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The humanitarian and developmental impacts of anti-vehicle mines

Improvised explosive device containing an anti-tank mine found by Iraqi police in Baghdad, 2005
Improvised explosive device containing an anti-tank mine (centre) found by Iraqi police in Baghdad, 2005. Image credit: US military

Since 2013, SIPRI and the Geneva International Centre for Humanitarian Demining (GICHD) have partnered to assess the humanitarian and development impacts of anti-vehicle mines (ANMs). Using information reported by states, mine action organizations and international media outlets, SIPRI and GICHD have been able to monitor and map AVM incidents to allow policymakers to visualize the data on an interactive map. The AVM Casualty Map presents incidents by geographic location and provides casualty data at the international and national levels as well as incident-specific information, where available.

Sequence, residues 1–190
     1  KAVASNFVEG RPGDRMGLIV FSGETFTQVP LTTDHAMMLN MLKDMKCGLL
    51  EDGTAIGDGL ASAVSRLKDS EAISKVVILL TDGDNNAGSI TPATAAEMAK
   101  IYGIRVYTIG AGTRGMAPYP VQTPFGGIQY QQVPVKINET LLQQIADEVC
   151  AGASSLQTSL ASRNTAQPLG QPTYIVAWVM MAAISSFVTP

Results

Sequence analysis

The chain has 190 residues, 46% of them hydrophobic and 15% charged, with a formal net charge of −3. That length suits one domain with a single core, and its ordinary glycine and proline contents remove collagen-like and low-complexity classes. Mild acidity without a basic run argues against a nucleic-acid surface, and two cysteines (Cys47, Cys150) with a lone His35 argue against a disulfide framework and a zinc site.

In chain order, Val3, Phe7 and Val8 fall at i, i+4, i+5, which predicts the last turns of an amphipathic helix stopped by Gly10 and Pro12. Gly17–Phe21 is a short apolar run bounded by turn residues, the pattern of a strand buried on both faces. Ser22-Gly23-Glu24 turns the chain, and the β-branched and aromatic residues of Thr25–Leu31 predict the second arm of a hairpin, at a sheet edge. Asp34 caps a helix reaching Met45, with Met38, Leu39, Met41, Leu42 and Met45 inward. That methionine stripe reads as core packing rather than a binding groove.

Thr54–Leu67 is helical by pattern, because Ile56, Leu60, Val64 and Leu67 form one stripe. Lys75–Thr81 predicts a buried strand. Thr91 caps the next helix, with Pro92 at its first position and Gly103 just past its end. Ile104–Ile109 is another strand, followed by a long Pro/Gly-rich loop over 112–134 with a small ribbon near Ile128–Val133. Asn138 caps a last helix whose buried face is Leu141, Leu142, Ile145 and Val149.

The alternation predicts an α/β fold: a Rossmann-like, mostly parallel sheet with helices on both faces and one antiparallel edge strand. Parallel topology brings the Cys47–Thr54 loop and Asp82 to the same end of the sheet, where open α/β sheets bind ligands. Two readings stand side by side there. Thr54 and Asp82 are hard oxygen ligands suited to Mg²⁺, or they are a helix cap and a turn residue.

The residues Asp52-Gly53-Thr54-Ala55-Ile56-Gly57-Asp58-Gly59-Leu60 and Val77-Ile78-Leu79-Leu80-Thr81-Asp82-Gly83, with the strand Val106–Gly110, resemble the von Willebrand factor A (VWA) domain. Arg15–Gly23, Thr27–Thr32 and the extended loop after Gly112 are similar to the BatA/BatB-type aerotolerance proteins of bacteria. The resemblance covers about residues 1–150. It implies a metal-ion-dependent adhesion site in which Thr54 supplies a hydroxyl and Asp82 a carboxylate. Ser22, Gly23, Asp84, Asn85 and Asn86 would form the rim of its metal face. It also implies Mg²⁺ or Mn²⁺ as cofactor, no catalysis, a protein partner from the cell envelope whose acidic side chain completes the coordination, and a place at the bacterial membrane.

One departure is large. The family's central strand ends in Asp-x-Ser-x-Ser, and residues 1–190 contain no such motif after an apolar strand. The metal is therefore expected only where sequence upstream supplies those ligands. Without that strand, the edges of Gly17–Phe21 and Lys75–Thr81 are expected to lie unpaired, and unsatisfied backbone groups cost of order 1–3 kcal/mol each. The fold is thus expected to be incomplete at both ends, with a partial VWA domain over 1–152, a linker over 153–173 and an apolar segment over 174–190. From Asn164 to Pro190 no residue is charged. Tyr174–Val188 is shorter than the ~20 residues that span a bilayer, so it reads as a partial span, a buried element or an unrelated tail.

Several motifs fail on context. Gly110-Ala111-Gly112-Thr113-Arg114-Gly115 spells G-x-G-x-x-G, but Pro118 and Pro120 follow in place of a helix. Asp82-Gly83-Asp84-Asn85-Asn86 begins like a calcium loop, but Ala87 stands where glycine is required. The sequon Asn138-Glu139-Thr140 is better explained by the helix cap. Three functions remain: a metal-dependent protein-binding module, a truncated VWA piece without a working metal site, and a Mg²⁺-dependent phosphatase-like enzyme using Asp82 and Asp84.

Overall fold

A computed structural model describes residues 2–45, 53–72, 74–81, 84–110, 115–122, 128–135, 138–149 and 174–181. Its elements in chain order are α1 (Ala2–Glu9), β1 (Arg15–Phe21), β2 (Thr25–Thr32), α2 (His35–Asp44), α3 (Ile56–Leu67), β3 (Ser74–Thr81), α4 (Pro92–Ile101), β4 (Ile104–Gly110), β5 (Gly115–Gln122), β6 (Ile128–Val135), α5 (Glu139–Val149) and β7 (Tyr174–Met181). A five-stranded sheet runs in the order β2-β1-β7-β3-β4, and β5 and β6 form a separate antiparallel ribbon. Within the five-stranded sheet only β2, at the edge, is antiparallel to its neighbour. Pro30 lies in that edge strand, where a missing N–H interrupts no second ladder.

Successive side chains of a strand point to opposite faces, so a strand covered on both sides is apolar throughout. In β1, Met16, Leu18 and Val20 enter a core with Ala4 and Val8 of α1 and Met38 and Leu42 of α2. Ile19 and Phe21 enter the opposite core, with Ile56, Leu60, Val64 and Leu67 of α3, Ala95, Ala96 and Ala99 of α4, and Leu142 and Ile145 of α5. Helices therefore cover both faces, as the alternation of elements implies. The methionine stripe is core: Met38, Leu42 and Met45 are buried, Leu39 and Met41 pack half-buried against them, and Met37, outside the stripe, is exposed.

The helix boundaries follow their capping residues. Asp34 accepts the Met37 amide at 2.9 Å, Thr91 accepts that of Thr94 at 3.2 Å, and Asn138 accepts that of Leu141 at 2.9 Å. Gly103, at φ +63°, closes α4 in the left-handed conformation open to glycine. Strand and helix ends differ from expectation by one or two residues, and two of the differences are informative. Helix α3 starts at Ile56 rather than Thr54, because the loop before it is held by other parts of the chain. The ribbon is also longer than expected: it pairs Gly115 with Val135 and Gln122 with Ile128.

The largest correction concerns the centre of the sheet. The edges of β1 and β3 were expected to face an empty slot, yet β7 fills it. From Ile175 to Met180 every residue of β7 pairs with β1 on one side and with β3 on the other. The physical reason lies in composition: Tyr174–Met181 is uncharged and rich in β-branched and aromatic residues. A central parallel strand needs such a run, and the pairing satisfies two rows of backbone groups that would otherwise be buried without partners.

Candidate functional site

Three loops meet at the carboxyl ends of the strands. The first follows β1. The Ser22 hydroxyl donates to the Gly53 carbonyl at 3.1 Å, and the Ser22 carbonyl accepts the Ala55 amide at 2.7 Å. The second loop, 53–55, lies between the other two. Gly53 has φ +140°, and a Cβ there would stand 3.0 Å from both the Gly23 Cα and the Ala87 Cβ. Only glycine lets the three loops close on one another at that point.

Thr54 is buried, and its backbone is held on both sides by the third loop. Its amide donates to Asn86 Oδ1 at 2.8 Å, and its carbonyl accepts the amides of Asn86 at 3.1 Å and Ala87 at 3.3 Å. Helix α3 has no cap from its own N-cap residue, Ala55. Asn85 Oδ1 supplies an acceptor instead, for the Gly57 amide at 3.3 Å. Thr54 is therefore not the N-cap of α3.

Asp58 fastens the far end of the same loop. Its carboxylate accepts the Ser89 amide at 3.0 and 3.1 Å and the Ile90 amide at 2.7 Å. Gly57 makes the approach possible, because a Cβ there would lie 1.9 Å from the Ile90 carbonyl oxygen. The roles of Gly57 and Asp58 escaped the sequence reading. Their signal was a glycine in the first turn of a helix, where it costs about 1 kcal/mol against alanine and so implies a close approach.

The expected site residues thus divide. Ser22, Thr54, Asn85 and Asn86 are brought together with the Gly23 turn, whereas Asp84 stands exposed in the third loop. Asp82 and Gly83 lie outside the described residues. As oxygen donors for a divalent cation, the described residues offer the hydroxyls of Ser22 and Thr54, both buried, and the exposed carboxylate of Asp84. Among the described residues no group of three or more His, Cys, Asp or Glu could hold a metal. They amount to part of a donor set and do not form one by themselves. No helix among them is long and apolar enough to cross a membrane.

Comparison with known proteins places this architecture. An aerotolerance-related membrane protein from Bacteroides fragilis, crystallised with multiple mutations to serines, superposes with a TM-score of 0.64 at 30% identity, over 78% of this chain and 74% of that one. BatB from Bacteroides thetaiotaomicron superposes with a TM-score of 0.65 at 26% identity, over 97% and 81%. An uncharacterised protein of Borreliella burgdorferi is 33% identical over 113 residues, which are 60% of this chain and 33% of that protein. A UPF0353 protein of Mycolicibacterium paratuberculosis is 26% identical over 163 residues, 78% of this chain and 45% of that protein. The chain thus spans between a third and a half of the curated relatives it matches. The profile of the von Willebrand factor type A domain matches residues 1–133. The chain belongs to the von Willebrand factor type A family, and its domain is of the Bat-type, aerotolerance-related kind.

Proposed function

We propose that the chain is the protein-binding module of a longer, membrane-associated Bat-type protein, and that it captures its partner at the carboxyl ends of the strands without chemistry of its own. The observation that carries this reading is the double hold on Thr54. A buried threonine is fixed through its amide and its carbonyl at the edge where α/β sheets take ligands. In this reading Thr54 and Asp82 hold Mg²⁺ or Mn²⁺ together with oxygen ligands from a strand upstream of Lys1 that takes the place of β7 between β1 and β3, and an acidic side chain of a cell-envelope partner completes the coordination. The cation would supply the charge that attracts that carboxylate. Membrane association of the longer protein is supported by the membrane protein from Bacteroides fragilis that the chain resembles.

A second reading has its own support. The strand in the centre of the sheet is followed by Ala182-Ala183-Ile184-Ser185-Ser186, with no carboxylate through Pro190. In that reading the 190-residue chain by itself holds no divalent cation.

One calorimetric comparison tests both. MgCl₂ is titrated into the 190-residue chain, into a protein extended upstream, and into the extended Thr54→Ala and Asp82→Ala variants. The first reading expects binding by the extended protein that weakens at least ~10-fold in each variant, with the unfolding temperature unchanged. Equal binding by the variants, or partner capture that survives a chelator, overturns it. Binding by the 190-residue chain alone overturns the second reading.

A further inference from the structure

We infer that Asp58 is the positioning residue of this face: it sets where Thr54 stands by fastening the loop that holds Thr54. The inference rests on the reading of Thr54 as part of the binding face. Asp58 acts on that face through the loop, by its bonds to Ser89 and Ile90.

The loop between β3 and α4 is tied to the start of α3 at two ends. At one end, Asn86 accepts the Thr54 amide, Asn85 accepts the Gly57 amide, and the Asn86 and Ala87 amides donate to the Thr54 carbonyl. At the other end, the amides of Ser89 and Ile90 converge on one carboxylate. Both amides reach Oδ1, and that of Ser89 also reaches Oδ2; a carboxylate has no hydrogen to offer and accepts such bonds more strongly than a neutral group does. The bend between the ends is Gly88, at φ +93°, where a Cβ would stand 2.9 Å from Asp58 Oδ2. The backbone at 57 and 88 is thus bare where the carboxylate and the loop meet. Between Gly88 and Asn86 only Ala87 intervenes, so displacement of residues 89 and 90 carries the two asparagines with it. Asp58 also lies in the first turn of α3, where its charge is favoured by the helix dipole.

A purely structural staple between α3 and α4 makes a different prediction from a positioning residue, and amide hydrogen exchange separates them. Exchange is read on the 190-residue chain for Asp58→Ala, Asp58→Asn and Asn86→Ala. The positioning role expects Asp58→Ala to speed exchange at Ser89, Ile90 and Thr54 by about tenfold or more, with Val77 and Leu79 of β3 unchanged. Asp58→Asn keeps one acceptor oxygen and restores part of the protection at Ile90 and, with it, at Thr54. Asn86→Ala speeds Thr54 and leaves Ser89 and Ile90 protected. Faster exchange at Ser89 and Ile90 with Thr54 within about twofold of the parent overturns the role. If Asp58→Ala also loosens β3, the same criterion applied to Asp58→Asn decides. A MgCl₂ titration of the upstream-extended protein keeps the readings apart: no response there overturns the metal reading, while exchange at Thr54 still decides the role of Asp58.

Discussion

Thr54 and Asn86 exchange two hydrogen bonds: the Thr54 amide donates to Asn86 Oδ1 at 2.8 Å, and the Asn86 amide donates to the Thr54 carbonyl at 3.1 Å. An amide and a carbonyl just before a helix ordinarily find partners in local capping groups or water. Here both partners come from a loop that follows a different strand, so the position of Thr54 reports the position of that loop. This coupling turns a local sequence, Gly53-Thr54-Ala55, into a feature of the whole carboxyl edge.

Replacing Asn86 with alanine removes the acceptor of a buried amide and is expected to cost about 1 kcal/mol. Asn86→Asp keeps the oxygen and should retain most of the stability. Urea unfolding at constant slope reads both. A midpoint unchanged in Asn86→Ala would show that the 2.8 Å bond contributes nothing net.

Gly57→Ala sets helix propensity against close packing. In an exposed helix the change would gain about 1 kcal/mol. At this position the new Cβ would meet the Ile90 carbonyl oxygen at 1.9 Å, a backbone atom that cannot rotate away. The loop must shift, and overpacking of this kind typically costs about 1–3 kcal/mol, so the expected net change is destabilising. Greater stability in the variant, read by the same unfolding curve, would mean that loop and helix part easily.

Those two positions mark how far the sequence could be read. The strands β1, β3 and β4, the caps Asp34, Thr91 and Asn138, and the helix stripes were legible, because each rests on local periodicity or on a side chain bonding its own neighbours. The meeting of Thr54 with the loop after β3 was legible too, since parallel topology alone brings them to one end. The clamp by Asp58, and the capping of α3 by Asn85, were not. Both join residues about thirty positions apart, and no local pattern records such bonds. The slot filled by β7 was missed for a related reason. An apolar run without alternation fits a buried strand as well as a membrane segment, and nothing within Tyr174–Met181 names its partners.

The project represents a first step towards developing a long-range data series on the humanitarian and development impacts of AVMs and has generated two publications (a study on the humanitarian and development impacts of anti-vehicle mines, and the 2015 study) outlining key findings and trend analysis. Further extensions of the project will refine reporting indicators and data collection techniques, enabling more historical coverage and new levels of disaggregation of casualty and incident data.

Research staff

Dr Rachel Irwin was a Senior Researcher in the SIPRI Security and Development Programme.
Emma Bjertén-Günther is a Researcher within the SIPRI Security and Development Programme.
Kate Sullivan is the Programme Coordinator for the Security and Development Programme.